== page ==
– Jim Hightower, editor of The Hightower Lowdown

Money, Power, and the People takes us on a fascinating journey through a time when opposition to the economic and political power of bankers and financial interests formed a cornerstone of progressive and populist politics. Accessible and comprehensive, it is a must read for those seeking to understand and confront the role of big finance in our current systemic crisis.”
– Gar Alperovitz, author of America Beyond Capitalism

“A forceful, lively, and eloquent historical polemic. In original and provocative terms, Shaw reveals the vital role popular social movements played in reforming the American banking system in response to the mounting economic instability and inequality of the early twentieth century, and how these hard-won reforms provided the essential financial framework for the sustained economic growth and widely-shared prosperity of the postwar era. This is a bracing political and historical argument, deserving of a wide audience.”
– Jeffrey Sklansky, author of Sovereign of the Market: The Money Question in Early America


Preserving the People's Post Office 

Essential Books
[Purchase Here]

Preserving the People’s Post Office examines the full extent of the United States Postal Service’s importance to American society. Established on the eve of the Revolutionary War, the post office helped build a nation and has served the needs of the American people for over two centuries. Today, the postal system remains the one universal means of communication, its preferential postage rates for nonprofits facilitate civic involvement and a healthy democracy, its employees are fairly remunerated in an increasingly low-wage, low-benefit economy, post offices serve as the heart of community life in neighborhoods and towns nationwide, and the presence of postal workers on community streets make them safer, as the many beneficiaries of their frequently heroic efforts attest. Despite the diverse public benefits the Postal Service provides, however, there is a long-term campaign to transform this cherished institution from a government service into a for-profit corporation. Christopher Shaw uncovers this attempted takeover and shows Americans how they can protect the people’s post office by uniting together through their own civic organization.

“A ‘must-read’ for union and community activists.”
– American Postal Workers Union

“Shaw does an impressive job documenting how the Postal Service has provided a wide range of public services, going well beyond delivering the mail, for more than two centuries. This book should be essential reading for anyone who thinks that privatizing the Postal Service is a good idea, or that privatization of public services always leads to gains in efficiency.”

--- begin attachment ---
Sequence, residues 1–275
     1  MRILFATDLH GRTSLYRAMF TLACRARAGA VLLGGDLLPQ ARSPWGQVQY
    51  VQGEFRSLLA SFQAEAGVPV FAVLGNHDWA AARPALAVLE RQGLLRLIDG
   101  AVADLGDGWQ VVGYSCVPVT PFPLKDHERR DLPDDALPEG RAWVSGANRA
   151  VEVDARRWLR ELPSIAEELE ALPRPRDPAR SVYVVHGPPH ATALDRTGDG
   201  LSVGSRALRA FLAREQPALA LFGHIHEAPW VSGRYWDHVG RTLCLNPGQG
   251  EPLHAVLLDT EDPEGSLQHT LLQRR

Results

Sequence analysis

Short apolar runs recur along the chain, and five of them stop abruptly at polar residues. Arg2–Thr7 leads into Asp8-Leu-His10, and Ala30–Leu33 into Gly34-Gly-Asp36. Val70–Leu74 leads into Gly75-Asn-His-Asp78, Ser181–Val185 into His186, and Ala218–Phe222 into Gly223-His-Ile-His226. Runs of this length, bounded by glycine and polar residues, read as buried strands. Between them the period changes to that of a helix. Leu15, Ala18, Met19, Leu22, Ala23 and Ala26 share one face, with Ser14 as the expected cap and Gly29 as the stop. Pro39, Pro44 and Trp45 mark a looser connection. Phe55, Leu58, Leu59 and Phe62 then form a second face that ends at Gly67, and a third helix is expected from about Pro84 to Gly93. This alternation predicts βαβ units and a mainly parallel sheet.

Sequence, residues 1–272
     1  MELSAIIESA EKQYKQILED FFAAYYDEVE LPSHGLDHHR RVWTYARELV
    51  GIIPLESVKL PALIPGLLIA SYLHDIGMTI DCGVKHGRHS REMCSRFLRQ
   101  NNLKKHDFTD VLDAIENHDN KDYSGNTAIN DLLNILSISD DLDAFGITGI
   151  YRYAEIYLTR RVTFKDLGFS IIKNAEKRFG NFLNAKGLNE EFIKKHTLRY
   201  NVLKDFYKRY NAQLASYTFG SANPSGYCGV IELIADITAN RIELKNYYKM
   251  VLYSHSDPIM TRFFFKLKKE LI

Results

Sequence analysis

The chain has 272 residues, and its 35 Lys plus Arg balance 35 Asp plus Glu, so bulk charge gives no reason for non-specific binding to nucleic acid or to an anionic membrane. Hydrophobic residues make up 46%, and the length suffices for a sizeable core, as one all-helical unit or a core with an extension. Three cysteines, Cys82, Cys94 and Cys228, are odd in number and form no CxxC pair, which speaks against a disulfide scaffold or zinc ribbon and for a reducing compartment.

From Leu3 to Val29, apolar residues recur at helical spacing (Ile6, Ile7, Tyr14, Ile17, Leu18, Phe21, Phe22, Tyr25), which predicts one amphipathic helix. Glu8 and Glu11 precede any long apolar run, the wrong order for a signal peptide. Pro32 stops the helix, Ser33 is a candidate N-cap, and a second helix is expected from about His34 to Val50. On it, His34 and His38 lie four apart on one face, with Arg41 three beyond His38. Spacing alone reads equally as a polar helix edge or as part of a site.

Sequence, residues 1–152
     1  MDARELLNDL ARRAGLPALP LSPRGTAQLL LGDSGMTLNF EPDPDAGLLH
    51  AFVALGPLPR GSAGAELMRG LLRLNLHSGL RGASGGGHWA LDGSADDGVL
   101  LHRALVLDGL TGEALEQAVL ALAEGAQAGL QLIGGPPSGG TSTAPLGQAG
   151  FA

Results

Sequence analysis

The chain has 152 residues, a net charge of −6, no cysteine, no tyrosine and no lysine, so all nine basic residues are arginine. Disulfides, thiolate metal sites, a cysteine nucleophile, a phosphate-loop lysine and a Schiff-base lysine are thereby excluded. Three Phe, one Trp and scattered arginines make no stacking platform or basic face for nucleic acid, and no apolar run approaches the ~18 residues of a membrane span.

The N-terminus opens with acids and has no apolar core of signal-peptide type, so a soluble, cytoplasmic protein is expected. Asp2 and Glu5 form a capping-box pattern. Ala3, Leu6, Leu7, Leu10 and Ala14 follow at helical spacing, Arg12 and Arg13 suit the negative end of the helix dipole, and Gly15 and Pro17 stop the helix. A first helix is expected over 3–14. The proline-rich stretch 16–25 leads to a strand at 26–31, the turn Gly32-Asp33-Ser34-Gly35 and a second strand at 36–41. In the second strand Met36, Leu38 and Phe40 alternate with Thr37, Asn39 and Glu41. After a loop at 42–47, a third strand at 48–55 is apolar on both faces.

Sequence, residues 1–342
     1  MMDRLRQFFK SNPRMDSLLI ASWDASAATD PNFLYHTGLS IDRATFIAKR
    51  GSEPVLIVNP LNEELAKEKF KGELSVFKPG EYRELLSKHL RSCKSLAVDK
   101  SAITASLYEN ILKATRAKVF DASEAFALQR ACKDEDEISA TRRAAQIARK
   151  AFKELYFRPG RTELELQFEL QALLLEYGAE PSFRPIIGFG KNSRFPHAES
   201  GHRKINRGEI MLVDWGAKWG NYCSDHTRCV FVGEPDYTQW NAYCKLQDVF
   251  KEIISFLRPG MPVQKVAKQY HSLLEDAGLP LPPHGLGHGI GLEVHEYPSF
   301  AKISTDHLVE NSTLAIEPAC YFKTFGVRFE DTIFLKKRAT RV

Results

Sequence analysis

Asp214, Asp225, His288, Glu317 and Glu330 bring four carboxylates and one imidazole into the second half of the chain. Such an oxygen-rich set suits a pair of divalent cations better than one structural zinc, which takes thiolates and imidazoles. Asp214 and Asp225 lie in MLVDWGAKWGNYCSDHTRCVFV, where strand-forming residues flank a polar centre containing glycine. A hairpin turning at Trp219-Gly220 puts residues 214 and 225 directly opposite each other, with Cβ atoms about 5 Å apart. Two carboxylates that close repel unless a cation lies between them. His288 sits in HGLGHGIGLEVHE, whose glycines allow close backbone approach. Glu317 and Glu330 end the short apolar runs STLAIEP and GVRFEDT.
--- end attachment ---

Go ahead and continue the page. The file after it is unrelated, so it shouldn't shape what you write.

– Dean Baker, co-founder of the Center for Economic and Policy Research

“Christopher Shaw's readable and important book about the Postal Service, which is so important to our democracy, our economy and our connections with our friends and family, is a great public service. It not only dissects how corporate mailers dominate our current postal system, but it recommends how consumers can regain a voice in its future direction by joining together in a simple way.”
– Joan Claybrook, president of Public Citizen

“Conservative think tanks, right-wing activists, and business-backed commissions in Washington, D.C., want to strip away the unique character of our Postal Service in the quest for privatization and corporate success. This book highlights what Middle America already knows: the post office is the core of the community in rural areas and provides an anchor for many of our small towns. Christopher Shaw speaks for the millions of Americans who live in those rural places.”
– Senator Byron L. Dorgan (D-North Dakota)

“This book has enormous reach for the American future and immediate relevance to the present moment. … As Christopher Shaw here demonstrates (with a wonderful blend of warmth and anxiety) we are threatened with the ‘privatization’ of the U.S. Mail! His book is a veritable populist alarm bell in the night.”
– Lawrence C. Goodwyn, professor emeritus of History, Duke University

“The U.S. Postal Service is a little like Social Security. It works because it serves everyone, regardless of status or income. … Try to hand it over to private business interests and a popular firestorm is sure to follow. This book is a warning bell for citizens.”
– William Greider, national affairs correspondent for The Nation

“Such farsighted leaders as Benjamin Franklin created our universal postal service for the Common Good of all Americans. But—Lookout America!—here comes a cabal of greedheads and boneheads to plunder and corporatize this essential public resource. Shaw's book alerts us to this thievery, and shows us how to stop it.”
– Jim Hightower, syndicated columnist and radio commentator

“Required reading for anyone who wants to understand the push to privatize the post office and why it needs to be resisted.”
– Steve Hutkins, editor of Save the Post Office and professor of English at New York University